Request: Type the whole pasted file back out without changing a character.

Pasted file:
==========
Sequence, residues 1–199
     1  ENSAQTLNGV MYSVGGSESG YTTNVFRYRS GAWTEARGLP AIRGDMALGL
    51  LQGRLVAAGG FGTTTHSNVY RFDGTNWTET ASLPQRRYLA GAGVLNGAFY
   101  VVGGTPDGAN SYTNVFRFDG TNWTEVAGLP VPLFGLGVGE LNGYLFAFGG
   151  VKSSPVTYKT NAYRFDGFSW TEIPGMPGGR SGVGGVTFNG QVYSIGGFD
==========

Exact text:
Sequence, residues 1–199
     1  ENSAQTLNGV MYSVGGSESG YTTNVFRYRS GAWTEARGLP AIRGDMALGL
    51  LQGRLVAAGG FGTTTHSNVY RFDGTNWTET ASLPQRRYLA GAGVLNGAFY
   101  VVGGTPDGAN SYTNVFRFDG TNWTEVAGLP VPLFGLGVGE LNGYLFAFGG
   151  VKSSPVTYKT NAYRFDGFSW TEIPGMPGGR SGVGGVTFNG QVYSIGGFD